New York – San Jose Analysis

New York Red Bulls' Thierry Henry (C) is tackled San Jose Earthquakes' Jason Hernandez (L) and Bobby Convey (R) during the second half of their Major League Soccer (MLS) Eastern Conference Semi Finals playoff match at Red Bull Arena in Harrison, New Jersey November 4, 2010. REUTERS/Mike Segar (UNITED STATES - Tags: SPORT SOCCER)

Major League Soccer’s convoluted playoff system has its first victim. If MLS actually seeded the playoffs based on points, New York would have played Seattle. Instead, the Red Bulls faced off against theoretical eighth seed San Jose. All seemed to be in place for New York to advance following a 1-0 first leg victory. And though New York was the more aggressive side last night, a 3-1 defeat knocked out the East’s regular season champion.

1st Half

While neither side made any personnel changes in their Starting XI (Thierry Henry was available on New York’s bench), San Jose did take a bit of a risk by moving Chris Wondolowski, MLS’ top goalscorer, from striker to right midfield. Early in the match it looked as though San Jose was prepared to have forward Ryan Johnson swing wide as Wondolowski cut toward the box, but Bobby Convey’s early goal (6) led to a more static, and defensive, formation.

San Jose wanted to cause multiple defenders to keep track of Wondolowski by having him cut into the box from midfield.

The visitors were a bit lucky to strike first, as lax marking from New York left back Roy Miller and defensive midfielder Rafa Marquez, along with a failed clearance, gave Convey an opportunity to even the aggregate score. Marquez’ mistake was the most glaring; the former Barcelona star demonstratively threw up his hands after he failed to track Convey’s run, incorrectly hinting that someone else should have been marking the San Jose winger.

New York was not discouraged by the aggregate equalizer, however. As the half progressed, Hans Backe’s 4-4-2 began to give San Jose problems. Left midfielder Mehdi Ballouchy often swung inward to link with the precocious Juan Agudelo, whose darting runs from just in front of the San Jose center backs were troublesome all night. Additionally, whenever Ballouchy moved inside, Joel Lidpere shifted out, with all three occasionally benefiting from the forward runs of Miller. On the other flank, Dane Richards stayed much wider than Ballouchy to stretch the San Jose defense.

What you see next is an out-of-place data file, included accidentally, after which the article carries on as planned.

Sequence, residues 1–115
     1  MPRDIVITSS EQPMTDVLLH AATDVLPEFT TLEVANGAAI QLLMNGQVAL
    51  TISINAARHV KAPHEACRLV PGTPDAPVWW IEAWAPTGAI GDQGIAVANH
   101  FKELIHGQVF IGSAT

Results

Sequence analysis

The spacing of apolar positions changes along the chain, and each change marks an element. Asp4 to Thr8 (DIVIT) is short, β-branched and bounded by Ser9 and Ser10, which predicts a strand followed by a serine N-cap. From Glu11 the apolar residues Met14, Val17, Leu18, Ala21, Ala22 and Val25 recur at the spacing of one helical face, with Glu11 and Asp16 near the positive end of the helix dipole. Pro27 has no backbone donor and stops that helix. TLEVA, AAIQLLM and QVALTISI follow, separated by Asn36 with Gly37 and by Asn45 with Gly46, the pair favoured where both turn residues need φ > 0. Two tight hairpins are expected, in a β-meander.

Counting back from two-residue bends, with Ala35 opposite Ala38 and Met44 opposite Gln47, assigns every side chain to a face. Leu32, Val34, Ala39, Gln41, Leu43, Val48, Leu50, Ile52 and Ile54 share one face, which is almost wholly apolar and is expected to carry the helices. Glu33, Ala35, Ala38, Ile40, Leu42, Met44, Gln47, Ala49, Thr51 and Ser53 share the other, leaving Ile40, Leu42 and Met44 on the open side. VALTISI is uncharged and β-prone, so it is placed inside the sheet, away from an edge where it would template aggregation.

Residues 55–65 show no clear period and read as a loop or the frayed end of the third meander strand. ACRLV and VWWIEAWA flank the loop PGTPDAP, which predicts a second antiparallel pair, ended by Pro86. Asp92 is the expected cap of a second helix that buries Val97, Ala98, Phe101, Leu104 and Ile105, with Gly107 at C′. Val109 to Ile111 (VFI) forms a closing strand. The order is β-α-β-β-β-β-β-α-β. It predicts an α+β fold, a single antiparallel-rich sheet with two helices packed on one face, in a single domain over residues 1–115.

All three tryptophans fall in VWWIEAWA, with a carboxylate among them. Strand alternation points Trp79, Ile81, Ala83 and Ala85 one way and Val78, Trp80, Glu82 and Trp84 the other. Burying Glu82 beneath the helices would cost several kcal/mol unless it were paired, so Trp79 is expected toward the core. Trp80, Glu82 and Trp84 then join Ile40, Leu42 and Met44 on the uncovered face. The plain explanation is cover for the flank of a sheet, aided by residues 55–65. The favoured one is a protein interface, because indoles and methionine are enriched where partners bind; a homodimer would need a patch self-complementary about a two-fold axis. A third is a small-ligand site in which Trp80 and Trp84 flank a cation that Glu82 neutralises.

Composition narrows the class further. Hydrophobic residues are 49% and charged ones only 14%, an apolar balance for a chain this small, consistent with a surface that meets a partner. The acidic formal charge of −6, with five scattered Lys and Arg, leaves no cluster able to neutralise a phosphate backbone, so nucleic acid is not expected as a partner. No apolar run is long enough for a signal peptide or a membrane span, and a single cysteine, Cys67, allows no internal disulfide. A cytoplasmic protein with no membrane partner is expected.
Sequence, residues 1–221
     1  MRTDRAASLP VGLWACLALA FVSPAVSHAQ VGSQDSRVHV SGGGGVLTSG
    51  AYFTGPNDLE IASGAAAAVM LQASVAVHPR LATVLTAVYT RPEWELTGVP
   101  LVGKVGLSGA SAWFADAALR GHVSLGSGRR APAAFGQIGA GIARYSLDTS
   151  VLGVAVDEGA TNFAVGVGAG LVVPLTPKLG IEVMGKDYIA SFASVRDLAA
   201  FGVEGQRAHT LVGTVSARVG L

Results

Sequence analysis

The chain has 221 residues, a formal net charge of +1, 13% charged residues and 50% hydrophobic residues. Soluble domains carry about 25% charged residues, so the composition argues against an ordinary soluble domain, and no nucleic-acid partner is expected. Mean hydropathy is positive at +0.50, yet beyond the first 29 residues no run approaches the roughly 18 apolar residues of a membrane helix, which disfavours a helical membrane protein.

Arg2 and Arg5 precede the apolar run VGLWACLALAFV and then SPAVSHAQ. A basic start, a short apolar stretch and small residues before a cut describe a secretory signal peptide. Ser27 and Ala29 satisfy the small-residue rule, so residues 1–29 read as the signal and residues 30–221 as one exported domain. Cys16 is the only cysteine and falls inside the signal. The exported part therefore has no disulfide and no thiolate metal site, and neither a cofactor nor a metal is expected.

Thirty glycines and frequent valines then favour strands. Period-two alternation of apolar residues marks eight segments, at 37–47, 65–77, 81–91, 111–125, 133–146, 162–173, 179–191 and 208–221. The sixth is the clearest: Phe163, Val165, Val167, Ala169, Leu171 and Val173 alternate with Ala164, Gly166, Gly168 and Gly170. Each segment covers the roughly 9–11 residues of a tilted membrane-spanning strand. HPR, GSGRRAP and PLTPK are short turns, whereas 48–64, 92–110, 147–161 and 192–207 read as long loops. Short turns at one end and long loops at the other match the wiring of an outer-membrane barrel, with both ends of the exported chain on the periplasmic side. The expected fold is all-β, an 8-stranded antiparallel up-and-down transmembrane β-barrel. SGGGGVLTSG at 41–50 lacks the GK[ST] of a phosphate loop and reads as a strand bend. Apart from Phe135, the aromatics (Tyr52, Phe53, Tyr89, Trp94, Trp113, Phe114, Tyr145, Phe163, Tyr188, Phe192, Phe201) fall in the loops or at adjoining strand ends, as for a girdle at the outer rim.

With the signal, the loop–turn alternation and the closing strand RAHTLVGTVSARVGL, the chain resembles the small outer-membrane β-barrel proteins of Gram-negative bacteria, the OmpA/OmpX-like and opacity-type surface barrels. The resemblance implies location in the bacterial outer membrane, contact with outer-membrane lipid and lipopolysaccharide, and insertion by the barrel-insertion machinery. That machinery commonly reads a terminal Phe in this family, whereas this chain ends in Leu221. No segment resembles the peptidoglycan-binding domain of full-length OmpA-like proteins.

New York's midfield was more flexible than San Jose's, and left back Miller went forward more than either San Jose starting fullback.

Were it not for San Jose keeper Jon Busch, the series could have gone New York’s way by halftime. Busch only had to make two saves the entire match, but he was mind-readingly good at cutting off New York’s crosses before they reached their intended target. He intercepted five such passes on the night. Busch’s efforts sent the two teams to the locker rooms even on aggregate.

2nd Half

As the half began, San Jose was forced into a slight change because left back Ramiro Corrales went down at the end of the first half. Convey slipped into Corrales’ fullback spot and Arturo Alvarez came on to assume command of the left wing.

Until New York was forced to go for broke in the last few minutes, the formations and tactics changed very little. The three goals in the half came about through defensive letdowns instead of tactical tinkering.

  • Convey’s second (76) occurred after Tim Ream – who rarely set a foot wrong in either game – didn’t step up and deny Convey service from Alvarez.
  • Two minutes later it was Convey’s turn to break down. Displaying the defending instincts of a natural winger, the former National Team standout let Juan Pablo Ángel walk right up to an open net and head home a cross (78).
  • In the 81st, Wondolowski displayed a deft touch to slant Convey’s chip into the far corner, but Miller failed to impede Wondo’s progress in any way.

    New York's final formation was basically 1-GetEveryoneElseForward.

After Wondolowski’s goal, New York finally decided to go for broke. Backe brought on Henry, Jeremy Hall, and Ibrahim Salou, and their 3-4-3 was difficult for San Jose to stop. Two minutes before stoppage time, Henry, following more poor marking, had a chance to pull New York level on aggregate. The DP’s uncontested header skied over the bar.

5.6 Million Dollar Man Wasn’t Better, Stronger, Faster

If you asked any soccer fan in any country to choose either Thierry Henry or Chris Wondolowski to take your team’s most important shot, the answer would be a unanimous, Wondolowski who?

Despite Busch’s preternatural interceptions, Agudelo’s trickery, Lindpere’s industry, and Convey’s outstanding second leg, the series was ultimately decided on two sequences. Henry – World Cup victor, Ligue 1 Gold Boot winner, back-to-back European Golden Boot winner, four-time Premier League top goalscorer – missed the target. Wondolowski, one-time MLS Golden Boot winner, didn’t.

2 Comments Post a Comment
  1. Bradley's Receding Hairline says:

    Quite the match! The other teams would do well to top this one.

    Augdelo was fun to watch. Convey was mostly great. And Henry failed! What more could you want?

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